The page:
Sweetener wars turn sour

Is deceptive marketing the engine behind the sucralose juggernaut? Or are the lawsuits aimed at Splenda just sour grapes from the sugar industry?

Sucralose — known by the brand name Splenda and marketed by the UK?s Tate & Lyle in partnership with McNeil Nutritionals — is the fastest-growing alternative sweetener. Five years ago, it was used in 35 products worldwide, according to Datamonitor. Today, Tate & Lyle says it is found in more than 4,000 products.

The US Sugar Association, as well as Merisant (maker of aspartame-based NutraSweet), is suing McNeil over its slogan, ?Made from sugar, so it tastes like sugar.?

?McNeil wants you to think Splenda and sugar are like brother and sister. The truth is, they are more like third cousins twice removed by marriage,? said Jeff Cronin, director of communications for the Center for Science in the Public Interest (CSPI), in Washington, DC. ?Splenda has a halo of natural, which is not entirely deserved.?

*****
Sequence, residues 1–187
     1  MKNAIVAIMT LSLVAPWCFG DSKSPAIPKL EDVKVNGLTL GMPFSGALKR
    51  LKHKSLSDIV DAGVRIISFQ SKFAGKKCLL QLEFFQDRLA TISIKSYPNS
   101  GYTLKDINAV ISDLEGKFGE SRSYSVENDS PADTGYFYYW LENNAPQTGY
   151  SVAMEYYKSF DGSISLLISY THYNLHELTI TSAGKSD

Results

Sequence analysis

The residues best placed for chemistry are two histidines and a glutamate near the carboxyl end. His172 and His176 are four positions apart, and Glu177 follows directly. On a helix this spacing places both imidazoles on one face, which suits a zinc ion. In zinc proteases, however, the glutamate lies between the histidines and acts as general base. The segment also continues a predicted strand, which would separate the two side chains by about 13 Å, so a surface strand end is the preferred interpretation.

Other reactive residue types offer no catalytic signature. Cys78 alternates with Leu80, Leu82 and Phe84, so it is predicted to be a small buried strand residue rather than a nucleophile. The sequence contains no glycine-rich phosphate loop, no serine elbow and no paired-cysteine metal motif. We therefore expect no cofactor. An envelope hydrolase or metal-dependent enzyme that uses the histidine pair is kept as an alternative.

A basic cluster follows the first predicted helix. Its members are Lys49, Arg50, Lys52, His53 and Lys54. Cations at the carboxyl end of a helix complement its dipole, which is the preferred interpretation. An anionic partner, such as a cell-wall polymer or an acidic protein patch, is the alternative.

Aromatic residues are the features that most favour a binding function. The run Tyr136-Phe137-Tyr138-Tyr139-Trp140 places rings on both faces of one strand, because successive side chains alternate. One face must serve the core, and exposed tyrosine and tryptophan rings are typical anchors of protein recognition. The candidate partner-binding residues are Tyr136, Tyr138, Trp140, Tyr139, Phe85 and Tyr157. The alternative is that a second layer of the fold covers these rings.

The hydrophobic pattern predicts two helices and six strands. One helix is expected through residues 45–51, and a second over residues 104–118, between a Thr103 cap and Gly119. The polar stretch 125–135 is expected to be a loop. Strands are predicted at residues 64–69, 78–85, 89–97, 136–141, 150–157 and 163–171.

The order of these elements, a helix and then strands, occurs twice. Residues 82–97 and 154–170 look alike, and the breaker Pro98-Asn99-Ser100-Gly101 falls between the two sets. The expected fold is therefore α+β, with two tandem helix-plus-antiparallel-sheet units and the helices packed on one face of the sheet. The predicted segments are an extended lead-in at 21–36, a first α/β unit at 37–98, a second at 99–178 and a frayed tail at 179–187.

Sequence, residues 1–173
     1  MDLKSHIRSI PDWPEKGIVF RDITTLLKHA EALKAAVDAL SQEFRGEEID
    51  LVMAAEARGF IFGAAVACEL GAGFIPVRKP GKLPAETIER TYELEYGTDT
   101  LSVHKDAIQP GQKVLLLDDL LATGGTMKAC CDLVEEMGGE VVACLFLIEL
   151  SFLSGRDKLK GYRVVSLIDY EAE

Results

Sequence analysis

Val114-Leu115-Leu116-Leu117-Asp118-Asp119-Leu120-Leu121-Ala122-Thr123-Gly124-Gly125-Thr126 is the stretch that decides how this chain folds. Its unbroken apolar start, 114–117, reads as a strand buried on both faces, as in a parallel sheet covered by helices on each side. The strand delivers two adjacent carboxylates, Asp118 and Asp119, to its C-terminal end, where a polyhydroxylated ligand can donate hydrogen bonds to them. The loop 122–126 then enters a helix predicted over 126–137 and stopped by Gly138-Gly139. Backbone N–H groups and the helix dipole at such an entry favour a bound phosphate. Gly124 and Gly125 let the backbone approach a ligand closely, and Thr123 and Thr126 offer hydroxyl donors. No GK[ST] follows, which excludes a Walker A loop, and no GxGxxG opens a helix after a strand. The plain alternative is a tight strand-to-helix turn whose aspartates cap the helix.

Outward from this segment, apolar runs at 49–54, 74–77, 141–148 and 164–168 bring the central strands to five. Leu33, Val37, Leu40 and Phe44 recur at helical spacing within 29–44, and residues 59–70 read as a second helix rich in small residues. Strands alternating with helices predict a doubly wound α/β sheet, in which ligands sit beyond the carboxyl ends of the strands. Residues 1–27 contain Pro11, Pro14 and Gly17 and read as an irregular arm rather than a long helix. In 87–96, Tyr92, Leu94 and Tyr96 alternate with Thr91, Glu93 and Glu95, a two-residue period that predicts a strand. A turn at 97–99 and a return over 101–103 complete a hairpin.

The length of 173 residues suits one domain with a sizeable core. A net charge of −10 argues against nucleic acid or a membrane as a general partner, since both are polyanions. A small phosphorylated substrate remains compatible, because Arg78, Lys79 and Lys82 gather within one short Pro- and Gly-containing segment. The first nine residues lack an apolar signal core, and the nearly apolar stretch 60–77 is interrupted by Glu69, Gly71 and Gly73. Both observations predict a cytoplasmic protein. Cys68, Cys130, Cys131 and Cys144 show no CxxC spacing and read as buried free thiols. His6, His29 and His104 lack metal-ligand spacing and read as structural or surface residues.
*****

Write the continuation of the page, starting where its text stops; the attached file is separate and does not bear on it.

The ingredient starts with pure cane sugar, then substitutes three chlorine atoms for three hydroxyl groups. The chlorine bonds do not break down, so it passes through the body without adding calories.

A survey commissioned by CSPI found that nearly half of consumer respondents incorrectly believed Splenda to be natural. Whether consumers really care if Splenda is natural, or instead gravitate to the idea that it?s a zero-calorie sweetener, remains to be seen.

Against this backdrop, Swiss Health Sciences Group launched Shugr, a natural, no-calorie, diabetic-safe sweetener it claims tastes and cooks like sugar, and also holds the ?natural? banner uncontested.

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